Dr. Brenner: It’s interesting, but I don’t believe I’ve treated replacement children during my years of practice. I say, believe, because although I’ve known many people who have had “subsequent” children, I was not aware of the phenomenon of a child born to specifically replace a child who had passed away.

I use the term “subsequent” to describe a child born after another child in the family has died, but in this scenario, the parents want that child and have carefully thought out what having another child would mean for the family. That child is a unique individual unto themselves and is not meant to serve as a replacement for another child.

In interviews with several replacement children there appears to be a spectrum of issues and symptoms—which I talk about a little later on.

Judy: Do you find that parents are aware that they are having, or have had, a replacement child? And do they usually prefer the term ‘subsequent child?’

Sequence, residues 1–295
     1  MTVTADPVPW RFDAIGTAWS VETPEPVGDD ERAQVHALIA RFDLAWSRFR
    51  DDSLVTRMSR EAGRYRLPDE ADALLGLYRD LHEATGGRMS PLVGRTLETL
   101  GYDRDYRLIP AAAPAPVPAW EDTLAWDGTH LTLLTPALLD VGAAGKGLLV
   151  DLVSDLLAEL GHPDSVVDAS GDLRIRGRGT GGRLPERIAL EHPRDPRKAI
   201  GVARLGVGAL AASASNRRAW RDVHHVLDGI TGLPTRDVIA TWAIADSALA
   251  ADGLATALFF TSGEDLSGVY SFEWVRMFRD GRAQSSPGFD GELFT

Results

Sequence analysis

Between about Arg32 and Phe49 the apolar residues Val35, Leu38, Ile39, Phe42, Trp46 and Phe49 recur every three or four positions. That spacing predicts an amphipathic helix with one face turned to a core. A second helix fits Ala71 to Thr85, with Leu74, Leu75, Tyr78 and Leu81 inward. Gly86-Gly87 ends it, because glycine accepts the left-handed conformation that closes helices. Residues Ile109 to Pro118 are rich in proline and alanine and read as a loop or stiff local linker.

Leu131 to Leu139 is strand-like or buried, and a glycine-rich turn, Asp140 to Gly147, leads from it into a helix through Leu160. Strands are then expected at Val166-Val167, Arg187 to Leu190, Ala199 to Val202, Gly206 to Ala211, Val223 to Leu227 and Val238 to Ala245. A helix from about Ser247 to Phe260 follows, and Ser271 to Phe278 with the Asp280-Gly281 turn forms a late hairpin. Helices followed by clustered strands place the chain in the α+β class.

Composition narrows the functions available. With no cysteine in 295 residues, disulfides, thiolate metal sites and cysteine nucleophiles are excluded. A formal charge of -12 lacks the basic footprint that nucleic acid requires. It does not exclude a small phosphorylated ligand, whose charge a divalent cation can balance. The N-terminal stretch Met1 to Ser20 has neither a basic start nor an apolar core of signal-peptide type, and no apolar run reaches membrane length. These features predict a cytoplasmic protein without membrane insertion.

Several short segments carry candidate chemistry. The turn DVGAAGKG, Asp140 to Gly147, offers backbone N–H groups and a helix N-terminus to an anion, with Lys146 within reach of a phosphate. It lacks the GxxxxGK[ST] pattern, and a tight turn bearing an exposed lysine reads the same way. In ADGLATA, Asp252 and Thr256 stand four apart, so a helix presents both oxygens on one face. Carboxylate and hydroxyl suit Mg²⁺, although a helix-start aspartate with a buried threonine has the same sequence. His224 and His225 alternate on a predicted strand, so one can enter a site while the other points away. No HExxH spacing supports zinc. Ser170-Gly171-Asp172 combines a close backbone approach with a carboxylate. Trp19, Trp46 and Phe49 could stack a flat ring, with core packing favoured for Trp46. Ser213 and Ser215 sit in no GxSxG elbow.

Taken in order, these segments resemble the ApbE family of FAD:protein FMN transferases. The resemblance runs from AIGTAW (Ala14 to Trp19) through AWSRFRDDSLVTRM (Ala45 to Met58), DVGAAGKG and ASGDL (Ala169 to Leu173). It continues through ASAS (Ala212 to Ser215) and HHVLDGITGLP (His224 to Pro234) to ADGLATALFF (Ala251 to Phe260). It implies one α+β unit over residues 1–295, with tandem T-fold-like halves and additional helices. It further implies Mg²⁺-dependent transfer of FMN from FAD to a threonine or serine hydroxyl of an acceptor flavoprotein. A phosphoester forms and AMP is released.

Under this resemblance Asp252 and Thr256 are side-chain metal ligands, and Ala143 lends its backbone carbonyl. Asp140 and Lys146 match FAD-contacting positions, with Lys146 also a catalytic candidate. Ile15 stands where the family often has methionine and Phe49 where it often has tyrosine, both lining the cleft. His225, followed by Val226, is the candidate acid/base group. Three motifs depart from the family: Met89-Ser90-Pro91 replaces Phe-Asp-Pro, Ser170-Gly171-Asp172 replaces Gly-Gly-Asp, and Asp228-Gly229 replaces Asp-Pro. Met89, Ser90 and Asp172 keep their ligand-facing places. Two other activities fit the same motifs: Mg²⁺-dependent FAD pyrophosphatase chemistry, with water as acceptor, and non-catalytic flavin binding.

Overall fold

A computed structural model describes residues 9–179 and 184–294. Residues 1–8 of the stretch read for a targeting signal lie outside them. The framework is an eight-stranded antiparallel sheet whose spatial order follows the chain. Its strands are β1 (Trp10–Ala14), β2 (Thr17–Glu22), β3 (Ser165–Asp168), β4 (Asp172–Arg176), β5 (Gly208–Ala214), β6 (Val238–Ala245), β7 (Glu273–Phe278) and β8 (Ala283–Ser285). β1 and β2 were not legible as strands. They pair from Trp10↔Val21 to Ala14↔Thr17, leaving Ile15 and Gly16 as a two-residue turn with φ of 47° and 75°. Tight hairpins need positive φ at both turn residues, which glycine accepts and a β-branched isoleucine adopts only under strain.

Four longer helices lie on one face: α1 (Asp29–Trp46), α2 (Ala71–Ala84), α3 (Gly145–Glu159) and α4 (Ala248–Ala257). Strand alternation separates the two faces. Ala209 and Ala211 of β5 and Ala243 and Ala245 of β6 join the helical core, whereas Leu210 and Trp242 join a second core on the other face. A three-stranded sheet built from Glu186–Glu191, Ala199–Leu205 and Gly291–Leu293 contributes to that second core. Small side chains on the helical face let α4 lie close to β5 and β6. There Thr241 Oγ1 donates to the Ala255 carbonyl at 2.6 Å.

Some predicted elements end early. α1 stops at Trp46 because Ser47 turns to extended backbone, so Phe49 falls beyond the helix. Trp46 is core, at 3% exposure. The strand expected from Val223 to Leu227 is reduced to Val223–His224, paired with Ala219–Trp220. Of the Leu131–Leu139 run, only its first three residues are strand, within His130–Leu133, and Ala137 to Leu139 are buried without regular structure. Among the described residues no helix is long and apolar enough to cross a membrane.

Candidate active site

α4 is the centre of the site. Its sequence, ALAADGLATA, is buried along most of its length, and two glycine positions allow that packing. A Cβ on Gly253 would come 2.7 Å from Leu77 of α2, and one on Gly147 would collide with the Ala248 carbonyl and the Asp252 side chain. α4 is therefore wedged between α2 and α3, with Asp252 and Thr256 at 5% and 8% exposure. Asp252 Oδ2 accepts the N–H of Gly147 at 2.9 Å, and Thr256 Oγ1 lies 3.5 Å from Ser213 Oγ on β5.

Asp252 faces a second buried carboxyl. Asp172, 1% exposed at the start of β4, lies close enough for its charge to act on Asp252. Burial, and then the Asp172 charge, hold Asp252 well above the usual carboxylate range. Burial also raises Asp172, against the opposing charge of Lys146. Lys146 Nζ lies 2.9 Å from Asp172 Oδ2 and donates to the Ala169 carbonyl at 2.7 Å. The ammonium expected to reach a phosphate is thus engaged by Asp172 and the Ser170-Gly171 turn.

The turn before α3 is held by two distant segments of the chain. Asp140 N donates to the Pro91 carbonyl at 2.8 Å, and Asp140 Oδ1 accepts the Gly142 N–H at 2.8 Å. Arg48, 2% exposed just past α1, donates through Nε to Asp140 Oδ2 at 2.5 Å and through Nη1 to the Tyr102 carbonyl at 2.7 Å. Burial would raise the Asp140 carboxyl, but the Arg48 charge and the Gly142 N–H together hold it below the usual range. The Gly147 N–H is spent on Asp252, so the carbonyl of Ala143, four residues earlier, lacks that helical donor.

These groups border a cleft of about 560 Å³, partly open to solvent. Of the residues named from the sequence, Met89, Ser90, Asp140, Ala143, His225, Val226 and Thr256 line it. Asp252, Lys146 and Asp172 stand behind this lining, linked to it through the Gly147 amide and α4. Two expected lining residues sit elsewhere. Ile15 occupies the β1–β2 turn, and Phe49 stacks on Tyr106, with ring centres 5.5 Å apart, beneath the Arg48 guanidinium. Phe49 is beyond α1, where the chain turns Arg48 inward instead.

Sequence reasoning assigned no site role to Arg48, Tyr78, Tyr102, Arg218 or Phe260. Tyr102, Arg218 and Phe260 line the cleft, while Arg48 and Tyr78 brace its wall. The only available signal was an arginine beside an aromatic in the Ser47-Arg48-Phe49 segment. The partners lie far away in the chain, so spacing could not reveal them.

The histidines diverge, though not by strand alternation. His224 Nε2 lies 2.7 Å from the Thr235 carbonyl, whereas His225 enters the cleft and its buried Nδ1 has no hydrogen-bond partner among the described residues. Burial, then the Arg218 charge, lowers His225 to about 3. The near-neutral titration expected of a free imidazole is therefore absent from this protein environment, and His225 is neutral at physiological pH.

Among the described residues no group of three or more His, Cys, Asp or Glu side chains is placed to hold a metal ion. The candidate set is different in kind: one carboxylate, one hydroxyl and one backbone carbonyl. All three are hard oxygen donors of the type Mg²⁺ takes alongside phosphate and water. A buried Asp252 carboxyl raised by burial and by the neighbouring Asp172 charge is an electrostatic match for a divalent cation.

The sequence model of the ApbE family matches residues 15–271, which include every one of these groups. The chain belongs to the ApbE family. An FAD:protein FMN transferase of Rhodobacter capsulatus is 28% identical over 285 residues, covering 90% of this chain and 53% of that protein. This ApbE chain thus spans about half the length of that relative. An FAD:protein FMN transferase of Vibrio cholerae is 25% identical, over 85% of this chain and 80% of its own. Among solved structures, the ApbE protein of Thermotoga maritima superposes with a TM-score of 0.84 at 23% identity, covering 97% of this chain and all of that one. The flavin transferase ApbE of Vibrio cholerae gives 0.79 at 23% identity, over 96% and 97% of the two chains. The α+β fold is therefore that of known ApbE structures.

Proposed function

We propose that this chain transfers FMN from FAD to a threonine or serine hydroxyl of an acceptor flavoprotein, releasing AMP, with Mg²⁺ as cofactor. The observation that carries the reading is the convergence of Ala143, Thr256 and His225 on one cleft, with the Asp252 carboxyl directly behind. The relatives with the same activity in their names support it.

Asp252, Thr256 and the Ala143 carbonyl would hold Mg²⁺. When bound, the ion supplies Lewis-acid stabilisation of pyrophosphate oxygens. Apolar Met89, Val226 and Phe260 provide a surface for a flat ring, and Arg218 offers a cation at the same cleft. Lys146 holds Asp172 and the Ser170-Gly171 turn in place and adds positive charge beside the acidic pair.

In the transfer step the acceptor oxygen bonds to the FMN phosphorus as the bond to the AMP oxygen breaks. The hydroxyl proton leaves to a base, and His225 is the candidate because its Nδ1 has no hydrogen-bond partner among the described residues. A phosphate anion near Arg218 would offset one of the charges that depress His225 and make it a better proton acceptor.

Dr. Brenner: Many people are totally unaware that they are having another child to make up for the loss of a child who has passed away. Many parents have been urged by their doctors and family to have another child to make up for the loss. When you search the literature about the profound grief that surrounds the death of a child, especially an infant who is stillborn or a child who dies shortly after birth, you find little understanding about the absolute necessity for the grieving process. Many people have another child and have not grieved for the lost child. Sometimes there is incomplete grief that lasts a lifetime.

Judy: Can you talk about the spectrum of issues you see with replacement children? Some who may have more issues than others, and why there is that difference?

Dr. Brenner: There appears to be a constellation of issues and symptoms. The experience of a replacement child seems to exist along a continuum—from the most extreme, to individuals barely aware that they are replacement children, to a larger population of individuals who recognize themselves in a middle-of-the-road position. We want to talk about all of these in our book.